Politics

The 1922 Committee

There has been a lot of discussion among Canadian political pundits of caucus-driven party leadership challenges. I thought it might be a good idea to explore how that happens in practice by looking at procedure followed by the UK Conservative Party.

The UK Conservative Party is interesting to me because it uses a hybrid system to select a new party leader. The caucus will narrow the choice of candidates down to two, and only at that point will the party’s wider membership vote to select a leader from those two candidates. Everything begins, however, with the very important 1922 Committee.

The 1922 Committee, also known as “the 22″, is a committee of backbench Conservative MPs. The committee was formed in 1923 but takes its name from the 1922 general election, which the Conservative Party won. The many new Conservative MPs elected for the first time formed the Conservative Private Members’ Committee to discuss and influence political events. After the 1923 and 1924 elections, the membership expanded as more new Conservative MPs were elected, and in 1926 all backbench MPs were invited to become members

The committee allows the leadership and the backbenches of the Conservative Party to keep in touch with each other’s opinions. The Committee meets every week while Parliament is in session, and provides a way for Conservative backbenchers to coordinate and discuss their views based on their constituents’ and personal views, independently of frontbenchers. It is a very influential committee within the party and the Committee Chairman has direct access to the party leader.

The Committee also has an important role in choosing the party leader. The 1922 Committee has an 18-member executive committee, the chairman of which must oversee any election of a new party leader, or any Conservative party-led vote of confidence in respect of the current one. But how does that process work?

A leadership election can be triggered in one of two ways. The most straightforward one involves the post of leader becoming vacant – either due to the death of the leader, or his or her voluntary resignation. If the position of leader becomes vacant, the Chair of the 1922 Committee arranges for an election to begin as soon as possible. A leadership change can also be triggered through a confidence vote. A confidence vote will be triggered if a number of Conservative MPs amounting to no less than 15% of the the party’s caucus in the House of Commons advise the Chair of the 1922 Committee in writing – either collectively or separately – that they want a confidence vote in the leader. If this occurs, the Chair of the 1922 Committee will inform the leader that a vote of confidence is to be held. The names of the MPs requesting the vote of confidence is not disclosed. A date for the vote of confidence is arranged after consultation between the Chair of the 1922 Committee and the leader.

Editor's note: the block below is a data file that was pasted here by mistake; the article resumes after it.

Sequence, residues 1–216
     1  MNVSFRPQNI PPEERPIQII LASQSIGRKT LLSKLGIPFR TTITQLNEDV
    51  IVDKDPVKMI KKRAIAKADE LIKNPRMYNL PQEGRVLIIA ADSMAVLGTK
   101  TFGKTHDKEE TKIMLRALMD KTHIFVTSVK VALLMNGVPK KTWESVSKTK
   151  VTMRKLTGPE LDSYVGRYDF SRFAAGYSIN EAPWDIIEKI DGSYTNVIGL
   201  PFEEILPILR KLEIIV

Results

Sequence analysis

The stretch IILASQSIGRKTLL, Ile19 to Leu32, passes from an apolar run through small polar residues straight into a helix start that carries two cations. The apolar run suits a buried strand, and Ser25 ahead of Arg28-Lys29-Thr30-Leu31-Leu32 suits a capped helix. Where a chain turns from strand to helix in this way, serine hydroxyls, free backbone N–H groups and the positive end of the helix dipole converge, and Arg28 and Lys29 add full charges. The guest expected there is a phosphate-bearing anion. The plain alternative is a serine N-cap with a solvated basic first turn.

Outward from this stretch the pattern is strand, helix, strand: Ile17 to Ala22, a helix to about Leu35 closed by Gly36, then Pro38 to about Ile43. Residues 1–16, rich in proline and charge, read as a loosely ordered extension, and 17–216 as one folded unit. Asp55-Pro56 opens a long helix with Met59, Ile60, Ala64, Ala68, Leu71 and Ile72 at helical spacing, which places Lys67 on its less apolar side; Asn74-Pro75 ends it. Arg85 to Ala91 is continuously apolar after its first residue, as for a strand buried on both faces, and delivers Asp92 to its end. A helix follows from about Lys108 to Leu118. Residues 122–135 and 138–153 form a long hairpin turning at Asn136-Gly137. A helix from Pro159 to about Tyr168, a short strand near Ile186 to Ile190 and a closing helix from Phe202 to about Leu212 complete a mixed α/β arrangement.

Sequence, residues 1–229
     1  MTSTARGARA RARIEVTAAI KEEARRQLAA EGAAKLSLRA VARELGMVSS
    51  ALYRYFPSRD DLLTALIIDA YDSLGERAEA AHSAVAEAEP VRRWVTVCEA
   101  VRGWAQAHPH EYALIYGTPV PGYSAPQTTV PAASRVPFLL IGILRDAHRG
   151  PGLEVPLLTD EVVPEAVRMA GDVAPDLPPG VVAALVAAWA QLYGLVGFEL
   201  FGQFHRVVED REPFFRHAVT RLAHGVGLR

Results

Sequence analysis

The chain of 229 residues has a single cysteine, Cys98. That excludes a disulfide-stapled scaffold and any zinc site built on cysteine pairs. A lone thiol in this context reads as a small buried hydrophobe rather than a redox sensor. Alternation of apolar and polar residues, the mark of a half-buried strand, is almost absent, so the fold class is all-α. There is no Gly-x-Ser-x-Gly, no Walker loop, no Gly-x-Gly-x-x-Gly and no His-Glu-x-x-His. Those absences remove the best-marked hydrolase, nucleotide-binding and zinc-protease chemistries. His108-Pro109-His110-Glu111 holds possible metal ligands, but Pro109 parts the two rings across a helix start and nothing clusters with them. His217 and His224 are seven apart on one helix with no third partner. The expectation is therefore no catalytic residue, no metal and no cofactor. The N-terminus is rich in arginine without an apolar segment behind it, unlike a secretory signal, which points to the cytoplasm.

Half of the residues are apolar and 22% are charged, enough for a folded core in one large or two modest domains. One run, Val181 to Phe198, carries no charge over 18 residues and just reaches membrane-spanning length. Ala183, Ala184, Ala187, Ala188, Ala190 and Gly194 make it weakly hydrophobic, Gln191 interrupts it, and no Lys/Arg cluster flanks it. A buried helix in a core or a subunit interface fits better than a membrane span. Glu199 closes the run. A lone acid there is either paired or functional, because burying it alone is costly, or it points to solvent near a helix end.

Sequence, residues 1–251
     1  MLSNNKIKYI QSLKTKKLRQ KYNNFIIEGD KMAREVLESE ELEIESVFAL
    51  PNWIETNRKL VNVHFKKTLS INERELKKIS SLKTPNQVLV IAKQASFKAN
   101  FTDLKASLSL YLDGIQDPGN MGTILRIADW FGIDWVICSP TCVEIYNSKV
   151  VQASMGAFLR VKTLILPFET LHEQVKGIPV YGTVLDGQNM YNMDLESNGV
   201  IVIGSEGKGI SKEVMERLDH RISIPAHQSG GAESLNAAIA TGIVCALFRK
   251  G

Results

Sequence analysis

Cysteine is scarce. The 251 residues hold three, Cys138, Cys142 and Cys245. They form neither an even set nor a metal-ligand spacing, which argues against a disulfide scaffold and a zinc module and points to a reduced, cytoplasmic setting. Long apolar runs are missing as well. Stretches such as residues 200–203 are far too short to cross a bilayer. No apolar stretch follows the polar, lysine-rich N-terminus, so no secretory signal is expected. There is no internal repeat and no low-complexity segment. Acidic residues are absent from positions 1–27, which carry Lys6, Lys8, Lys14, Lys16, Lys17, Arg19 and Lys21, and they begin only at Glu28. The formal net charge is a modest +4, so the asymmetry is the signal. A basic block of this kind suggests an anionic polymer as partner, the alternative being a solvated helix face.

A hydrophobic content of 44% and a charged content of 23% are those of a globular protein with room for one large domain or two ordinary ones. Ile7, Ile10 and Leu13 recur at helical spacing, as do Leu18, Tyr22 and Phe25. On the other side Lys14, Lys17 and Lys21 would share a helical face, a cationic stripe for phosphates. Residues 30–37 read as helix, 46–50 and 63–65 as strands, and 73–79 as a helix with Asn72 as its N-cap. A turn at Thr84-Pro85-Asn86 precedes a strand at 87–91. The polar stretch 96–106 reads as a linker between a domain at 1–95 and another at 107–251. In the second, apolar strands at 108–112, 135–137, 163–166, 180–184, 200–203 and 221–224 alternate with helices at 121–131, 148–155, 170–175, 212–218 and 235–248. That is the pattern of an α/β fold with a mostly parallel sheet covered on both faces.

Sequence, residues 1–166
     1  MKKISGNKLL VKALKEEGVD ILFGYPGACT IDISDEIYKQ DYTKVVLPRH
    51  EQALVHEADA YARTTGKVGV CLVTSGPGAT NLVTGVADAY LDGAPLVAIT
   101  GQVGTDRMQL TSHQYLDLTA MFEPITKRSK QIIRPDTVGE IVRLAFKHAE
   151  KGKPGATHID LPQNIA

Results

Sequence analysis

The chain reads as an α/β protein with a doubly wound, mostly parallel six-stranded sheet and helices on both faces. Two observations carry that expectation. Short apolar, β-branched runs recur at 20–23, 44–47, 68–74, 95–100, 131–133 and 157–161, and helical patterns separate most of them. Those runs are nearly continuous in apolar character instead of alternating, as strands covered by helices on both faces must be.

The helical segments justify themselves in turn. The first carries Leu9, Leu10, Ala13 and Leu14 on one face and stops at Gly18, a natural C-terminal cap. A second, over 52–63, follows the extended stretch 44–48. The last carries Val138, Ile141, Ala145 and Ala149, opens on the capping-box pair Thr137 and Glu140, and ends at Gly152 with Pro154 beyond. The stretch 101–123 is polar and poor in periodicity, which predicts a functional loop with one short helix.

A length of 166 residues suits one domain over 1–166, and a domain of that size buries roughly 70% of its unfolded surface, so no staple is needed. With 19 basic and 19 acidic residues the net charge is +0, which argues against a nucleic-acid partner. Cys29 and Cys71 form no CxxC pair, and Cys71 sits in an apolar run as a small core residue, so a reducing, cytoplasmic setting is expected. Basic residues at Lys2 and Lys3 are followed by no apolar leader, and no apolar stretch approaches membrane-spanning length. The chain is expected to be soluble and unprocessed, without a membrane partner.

If the leader receives a simple majority of the votes cast in the confidence vote, he or she will remain as party leader and no further vote of confidence will be called for at least 12 months from the date of the ballot.

If the leader fails to obtain a majority of the votes cast, he or she will resign and a leadership election will take place. The defeated leader is not allowed to stand as a candidate.

Election of a Leader